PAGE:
The U.S. economy added another 228,000 non-farm jobs in November, aided by job gains in the trucking industry, according to a Labor Department report released Friday.

The performance was better than a consensus estimate from analysts, who forecast jobs would grow by 200,000 during the month.

Employment continued to trend upward in the professional and business services, manufacturing, and health care sectors. Growth has averaged 174,000 per month so far this year, compared with an average monthly gain of 187,000 in 2016.

The department also revised the October figure to 244,000 job additions, down from its previously estimated number of 261,000. September was moved higher to 38,000, first reported as an 18,000-job gain.

There were 1,800 for-hire trucking jobs added in November. The wider transportation and warehousing sector reported 10,500 job gains, most in the warehousing and storage sector.

The nation’s unemployment rate remained at 4.1% – but that is still a 17-year low.

The department also reported that in November, average hourly earnings for all employees on private nonfarm payrolls rose by 5 cents to $26.55. Over the past year, average hourly earnings have risen by only 2.5%, indicating employers are keeping a lid on payroll expenses.

This followed a report the day before from payroll processor ADP that showed private-sector employers added 190,000 jobs in November.

“The job market is red hot, with broad-based job gains across industries and company sizes,” said Mark Zandi, chief economist of Moody’s Analytics, about the ADP report. “The only soft spots are in industries being disrupted by technology, brick-and-mortar retailing being the best example. There is a mounting threat that the job market will overheat next year.”

Interest Hike Likely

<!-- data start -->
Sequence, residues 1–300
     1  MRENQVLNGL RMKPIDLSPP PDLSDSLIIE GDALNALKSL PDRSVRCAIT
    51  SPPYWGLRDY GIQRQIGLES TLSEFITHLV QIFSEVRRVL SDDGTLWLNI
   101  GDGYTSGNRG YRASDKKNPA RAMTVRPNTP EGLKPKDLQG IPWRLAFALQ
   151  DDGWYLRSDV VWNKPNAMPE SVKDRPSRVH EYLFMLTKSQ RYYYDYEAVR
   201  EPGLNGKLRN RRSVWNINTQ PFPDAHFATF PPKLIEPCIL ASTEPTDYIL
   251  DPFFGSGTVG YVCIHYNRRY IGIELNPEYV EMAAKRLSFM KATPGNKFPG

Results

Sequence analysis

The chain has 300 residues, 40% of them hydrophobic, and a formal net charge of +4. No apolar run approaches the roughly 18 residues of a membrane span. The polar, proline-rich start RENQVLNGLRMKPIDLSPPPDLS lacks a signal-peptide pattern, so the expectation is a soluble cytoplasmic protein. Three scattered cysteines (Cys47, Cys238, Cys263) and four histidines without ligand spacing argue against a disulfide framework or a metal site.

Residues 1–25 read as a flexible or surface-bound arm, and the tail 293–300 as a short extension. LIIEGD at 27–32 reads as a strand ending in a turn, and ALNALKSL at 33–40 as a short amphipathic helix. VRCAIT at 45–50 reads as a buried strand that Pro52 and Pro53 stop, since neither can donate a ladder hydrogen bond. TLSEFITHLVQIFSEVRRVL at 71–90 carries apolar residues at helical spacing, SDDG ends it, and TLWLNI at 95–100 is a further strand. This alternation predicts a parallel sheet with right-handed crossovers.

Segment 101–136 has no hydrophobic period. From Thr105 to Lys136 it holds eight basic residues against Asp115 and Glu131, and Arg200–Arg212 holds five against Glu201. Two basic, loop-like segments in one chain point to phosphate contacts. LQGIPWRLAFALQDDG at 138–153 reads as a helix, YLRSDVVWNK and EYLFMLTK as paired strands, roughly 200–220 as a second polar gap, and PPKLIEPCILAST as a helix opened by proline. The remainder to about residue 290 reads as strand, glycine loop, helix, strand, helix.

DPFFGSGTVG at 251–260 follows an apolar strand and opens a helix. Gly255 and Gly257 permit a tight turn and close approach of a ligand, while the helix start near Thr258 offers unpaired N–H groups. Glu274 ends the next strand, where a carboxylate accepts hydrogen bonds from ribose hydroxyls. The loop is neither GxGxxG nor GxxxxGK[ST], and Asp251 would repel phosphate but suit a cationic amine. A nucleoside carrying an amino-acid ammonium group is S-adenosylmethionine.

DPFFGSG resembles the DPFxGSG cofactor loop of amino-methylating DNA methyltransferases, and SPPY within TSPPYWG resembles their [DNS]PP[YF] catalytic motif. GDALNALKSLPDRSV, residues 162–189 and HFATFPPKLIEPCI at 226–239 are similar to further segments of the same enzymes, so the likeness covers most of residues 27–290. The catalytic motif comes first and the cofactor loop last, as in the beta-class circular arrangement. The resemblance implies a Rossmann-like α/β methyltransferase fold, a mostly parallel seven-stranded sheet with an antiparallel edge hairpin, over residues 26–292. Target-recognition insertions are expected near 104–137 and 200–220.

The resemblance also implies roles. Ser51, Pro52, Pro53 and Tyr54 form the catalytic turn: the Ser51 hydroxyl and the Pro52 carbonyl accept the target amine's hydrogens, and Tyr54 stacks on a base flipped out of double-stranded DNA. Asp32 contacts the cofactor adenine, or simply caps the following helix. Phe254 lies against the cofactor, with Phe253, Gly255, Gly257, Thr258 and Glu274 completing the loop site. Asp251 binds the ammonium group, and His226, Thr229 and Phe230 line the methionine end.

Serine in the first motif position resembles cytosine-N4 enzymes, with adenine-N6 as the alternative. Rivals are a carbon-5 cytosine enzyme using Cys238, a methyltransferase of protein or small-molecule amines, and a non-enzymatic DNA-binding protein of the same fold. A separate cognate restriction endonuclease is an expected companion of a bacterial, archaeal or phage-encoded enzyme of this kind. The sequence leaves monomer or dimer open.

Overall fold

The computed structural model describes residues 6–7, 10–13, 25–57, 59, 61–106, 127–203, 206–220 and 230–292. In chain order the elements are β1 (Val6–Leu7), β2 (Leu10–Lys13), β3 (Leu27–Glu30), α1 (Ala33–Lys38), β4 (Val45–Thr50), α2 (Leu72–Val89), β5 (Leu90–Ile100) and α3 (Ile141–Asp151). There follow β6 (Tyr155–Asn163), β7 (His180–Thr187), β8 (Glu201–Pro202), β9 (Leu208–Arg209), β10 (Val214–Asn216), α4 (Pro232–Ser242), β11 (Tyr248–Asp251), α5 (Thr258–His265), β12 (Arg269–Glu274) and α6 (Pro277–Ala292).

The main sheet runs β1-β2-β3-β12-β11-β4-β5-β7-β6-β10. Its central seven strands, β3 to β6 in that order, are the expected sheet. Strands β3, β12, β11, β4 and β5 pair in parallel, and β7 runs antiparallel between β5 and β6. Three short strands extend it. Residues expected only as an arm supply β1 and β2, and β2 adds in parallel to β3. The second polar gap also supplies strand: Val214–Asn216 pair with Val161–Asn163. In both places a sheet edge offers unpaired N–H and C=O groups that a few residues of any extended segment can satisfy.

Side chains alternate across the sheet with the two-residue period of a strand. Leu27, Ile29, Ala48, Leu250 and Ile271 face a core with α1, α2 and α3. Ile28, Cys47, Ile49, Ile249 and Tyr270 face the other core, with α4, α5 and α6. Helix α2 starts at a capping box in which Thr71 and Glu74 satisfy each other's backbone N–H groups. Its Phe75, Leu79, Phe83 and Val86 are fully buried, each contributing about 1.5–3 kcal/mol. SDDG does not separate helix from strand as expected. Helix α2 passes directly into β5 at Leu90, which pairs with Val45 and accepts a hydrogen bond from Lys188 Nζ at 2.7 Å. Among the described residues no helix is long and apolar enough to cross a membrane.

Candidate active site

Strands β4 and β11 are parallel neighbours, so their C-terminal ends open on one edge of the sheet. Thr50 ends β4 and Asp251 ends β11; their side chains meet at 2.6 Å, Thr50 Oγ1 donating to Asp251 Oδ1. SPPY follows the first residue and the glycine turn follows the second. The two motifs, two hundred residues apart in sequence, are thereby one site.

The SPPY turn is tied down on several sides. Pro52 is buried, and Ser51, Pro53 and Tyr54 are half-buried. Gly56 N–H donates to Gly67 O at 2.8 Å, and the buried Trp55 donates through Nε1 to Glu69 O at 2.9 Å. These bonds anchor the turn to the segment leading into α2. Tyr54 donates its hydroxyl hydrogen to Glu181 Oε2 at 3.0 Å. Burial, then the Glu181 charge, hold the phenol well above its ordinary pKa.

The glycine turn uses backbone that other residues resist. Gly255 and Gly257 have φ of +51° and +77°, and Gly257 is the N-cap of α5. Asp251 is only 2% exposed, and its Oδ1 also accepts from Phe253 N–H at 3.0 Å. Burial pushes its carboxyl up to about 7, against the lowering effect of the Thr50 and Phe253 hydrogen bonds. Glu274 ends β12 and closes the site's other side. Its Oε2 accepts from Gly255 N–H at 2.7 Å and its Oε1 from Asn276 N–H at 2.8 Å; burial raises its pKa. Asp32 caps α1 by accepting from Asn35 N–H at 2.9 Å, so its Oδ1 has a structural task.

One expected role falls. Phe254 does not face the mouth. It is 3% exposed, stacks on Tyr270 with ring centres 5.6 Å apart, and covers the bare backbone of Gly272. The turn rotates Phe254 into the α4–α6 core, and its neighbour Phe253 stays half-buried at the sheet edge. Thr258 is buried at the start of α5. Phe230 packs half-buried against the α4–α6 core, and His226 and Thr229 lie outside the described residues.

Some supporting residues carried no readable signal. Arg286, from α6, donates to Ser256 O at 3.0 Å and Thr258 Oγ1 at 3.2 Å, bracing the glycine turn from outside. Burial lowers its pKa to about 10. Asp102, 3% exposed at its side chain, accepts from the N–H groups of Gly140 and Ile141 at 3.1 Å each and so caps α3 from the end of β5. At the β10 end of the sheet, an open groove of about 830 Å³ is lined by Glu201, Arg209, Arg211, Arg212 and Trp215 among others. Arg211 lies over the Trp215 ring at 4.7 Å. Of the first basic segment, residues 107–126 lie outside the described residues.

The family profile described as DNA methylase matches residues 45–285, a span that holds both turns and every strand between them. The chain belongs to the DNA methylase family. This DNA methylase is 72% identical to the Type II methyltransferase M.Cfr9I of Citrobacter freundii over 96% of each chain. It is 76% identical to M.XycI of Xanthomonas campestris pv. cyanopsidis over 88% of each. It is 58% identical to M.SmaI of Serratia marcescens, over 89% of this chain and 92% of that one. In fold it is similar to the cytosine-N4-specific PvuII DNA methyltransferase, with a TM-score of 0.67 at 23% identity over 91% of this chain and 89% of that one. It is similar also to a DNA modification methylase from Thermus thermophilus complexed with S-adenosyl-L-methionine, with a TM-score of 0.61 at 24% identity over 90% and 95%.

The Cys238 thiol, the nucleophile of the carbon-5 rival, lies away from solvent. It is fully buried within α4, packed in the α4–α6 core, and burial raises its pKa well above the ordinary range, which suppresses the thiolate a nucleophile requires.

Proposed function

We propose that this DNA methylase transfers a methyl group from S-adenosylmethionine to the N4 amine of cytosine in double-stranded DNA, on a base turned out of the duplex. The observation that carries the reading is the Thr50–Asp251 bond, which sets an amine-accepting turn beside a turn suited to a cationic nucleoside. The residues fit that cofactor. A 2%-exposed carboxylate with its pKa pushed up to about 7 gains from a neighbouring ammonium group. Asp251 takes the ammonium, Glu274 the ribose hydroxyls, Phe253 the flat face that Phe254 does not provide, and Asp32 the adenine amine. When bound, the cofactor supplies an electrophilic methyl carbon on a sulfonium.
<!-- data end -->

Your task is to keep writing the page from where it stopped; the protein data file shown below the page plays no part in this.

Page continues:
Analysts at RBC Economics Research said the Labor Department report gives the Federal Reserve a green light to raise interest rates when it meets next Wednesday.

"With hurricane-related volatility largely behind us, economic conditions are clearly strong enough for businesses to continue hiring at an impressive pace for this point in the cycle,” said RBC Economist Josh Nye. “Unemployment was steady in November, but if job growth continues at the 170,000 rate seen over the last three months, the jobless rate should drift even further below what the Fed sees as sustainable in the longer run.”

He said with a move at December’s Fed meeting widely expected, attention will be focused on how the central bank sees monetary policy evolving in 2018.

"Key to that debate will be wage and inflation dynamics. The Fed can only raise rates so much in anticipation of increasing price pressures, [and] we’ll need to see wage growth and inflation actually picking up for the committee to hike more than once or twice next year,” Nye said.

He noted while wage growth ticked higher in November, it remained at the lower end of the range seen over the last two years.

“An upward trend will need to continue for policymakers to become confident that rising labor costs are putting a floor under inflation,” Nye said. “For our part, we expect a 4% unemployment rate, combined with what is clearly strong hiring demand, will boost wage growth next year, helping inflation return to 2% on a sustained basis. If upcoming payroll and inflation reports provide evidence of that dynamic, we think the Fed will raise rates once a quarter in 2018.”

Consumer Sentiment Down From October Peak

Also released Friday were preliminary numbers from the University of Michigan’s Survey of Consumers, showing consumer sentiment, while strong, is down from October's peak.

While consumer feelings about current economic conditions moved higher this month compared to November and the same time a year earlier, expectations about the future dimmed slightly.

“Most of the recent decline was concentrated in the long-term prospects for the economy, while consumers thought current economic conditions have continued to improve,” said Surveys of Consumers Chief Economist Richard Curtin. “Importantly, the largest decline in long-term economic prospects was recorded among Democrats, which reflected their concerns about the impact of the proposed changes in taxes.”

He said perhaps the most important changes in early December were higher income expectations, as well as a higher expected inflation rate in 2018.

“Income gains have been slowly improving during the past year, and the data indicate that trend has continued,” Curtin said. “In contrast, the rise in inflation expectations in early December was a surprise, and confidence in this finding must await confirmation in the months ahead before any inferences are drawn."